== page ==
My initial reaction was one of intrigue. How could the company have just walked away from the project after such a staunch earlier rebuttal, and at such cost?
To learn from mistakes and move on is one thing, but this isn’t ‘just’ a few hundred thousand dollars we’re talking about – it’s a billion dollars in stated costs.
I found myself pondering what the reaction to this decision would have been had it fallen under the leadership of John McGlade. Would it have been billed as a catastrophic mistake, rather than a brave but practical business decision that it might be painted under current Chairman, President and CEO Seifi Ghasemi? Unfortunately there is no answer to that loaded question. Further, one cannot argue with the fact that the gases industry is currently focused on maximising its efficiencies and core products – rendering this a very practical decision indeed.
So what of the apparently sad indictment of the industry’s green credentials, and of the technology itself?
There’s a feeling amongst those in the industry that I have spoken and listened to of late, that this was a ’car crash waiting to happen’. I heard suggestions that work began on plant two (TV2) before the technology of plant one (TV1) had even been finished and proven, with the mechanical handling aspect of the plant a thorny issue from day one.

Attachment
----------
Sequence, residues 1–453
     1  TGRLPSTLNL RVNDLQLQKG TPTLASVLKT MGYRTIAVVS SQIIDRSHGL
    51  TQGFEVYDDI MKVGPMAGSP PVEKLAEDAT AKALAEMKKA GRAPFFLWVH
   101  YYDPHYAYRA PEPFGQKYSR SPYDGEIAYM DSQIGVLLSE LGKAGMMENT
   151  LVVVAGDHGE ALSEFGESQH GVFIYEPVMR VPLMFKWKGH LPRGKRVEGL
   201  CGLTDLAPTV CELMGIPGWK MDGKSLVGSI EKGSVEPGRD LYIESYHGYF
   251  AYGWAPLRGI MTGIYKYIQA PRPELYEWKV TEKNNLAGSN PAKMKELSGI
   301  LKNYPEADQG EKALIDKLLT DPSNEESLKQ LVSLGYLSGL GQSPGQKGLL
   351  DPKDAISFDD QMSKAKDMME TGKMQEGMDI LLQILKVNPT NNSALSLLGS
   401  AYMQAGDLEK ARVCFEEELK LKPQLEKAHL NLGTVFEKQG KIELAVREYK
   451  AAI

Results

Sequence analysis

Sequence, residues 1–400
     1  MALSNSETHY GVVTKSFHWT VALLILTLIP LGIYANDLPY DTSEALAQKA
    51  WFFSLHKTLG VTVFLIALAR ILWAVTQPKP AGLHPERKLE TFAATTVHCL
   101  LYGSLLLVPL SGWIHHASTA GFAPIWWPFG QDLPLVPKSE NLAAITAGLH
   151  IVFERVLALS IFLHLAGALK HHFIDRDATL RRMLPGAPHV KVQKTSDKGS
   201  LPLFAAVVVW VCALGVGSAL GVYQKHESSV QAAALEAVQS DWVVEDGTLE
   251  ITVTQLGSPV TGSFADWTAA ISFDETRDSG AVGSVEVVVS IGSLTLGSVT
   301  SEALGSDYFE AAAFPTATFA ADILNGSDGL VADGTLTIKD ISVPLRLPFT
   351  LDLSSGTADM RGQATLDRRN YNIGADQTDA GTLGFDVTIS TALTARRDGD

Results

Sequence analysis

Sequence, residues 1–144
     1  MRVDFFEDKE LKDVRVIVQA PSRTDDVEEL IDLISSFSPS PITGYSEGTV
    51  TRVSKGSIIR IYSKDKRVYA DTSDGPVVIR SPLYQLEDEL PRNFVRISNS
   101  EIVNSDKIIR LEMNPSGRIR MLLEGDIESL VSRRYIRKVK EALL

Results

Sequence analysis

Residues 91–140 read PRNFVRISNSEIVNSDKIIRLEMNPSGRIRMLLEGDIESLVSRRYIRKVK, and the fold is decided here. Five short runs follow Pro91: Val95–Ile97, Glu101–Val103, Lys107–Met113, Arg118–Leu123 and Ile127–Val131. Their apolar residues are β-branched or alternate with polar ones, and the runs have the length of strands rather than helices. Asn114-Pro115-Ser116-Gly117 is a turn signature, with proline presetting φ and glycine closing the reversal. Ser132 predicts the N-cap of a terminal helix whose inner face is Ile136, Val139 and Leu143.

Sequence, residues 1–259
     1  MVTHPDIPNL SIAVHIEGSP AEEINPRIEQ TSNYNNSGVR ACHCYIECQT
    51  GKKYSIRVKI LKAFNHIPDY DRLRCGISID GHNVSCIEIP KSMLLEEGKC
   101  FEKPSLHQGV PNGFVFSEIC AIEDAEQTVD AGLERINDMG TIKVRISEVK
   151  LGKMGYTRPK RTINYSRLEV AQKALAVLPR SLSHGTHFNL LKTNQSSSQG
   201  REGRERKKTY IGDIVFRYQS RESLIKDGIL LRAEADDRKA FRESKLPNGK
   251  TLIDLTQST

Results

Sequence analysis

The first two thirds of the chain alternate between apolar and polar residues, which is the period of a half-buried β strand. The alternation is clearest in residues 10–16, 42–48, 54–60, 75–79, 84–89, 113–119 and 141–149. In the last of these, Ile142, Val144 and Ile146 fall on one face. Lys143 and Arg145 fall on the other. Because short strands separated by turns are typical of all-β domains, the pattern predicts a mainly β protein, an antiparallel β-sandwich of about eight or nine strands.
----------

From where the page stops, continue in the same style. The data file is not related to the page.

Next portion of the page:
Speculation? Perhaps. But we can’t dispute that the projects have now effectively been mothballed on the grounds of unfeasible technology.
Further digging has left me questioning whether this announcement is actually an indictment of the technology behind these plants itself, rather than the motives of the industry or company. After all, Air Products remained resilient in its defence of the plants right to the end, while many of those that I have spoken to of late have also expressed surprise that any white knight will come in to pick up where the company left off with TV1&2.
And a similar project in Nottinghamshire (UK) seems to face an uncertain future, after the Department for Communities and Local Government (DCLG) delayed a decision to grant planning permission in the wake of Air Products’ Tees Valley withdrawal. The £70m ($101m approx.) facility at the former Bilsthorpe Colliery – based upon a more experimental plasma arc gasification concept – was given the go-ahead by Nottingham County Council in 2014 but in view of Air Products’ recent cold feet where the economic feasibility of such technology is concerned, the DCLG has now postponed a final decision on the project.
The organisation promptly invited comments on the facility to allow it to reach an informed decision on its fate, with 26th April given as the deadline for comments. A subsequent decision on planning will not be made until May at the earliest.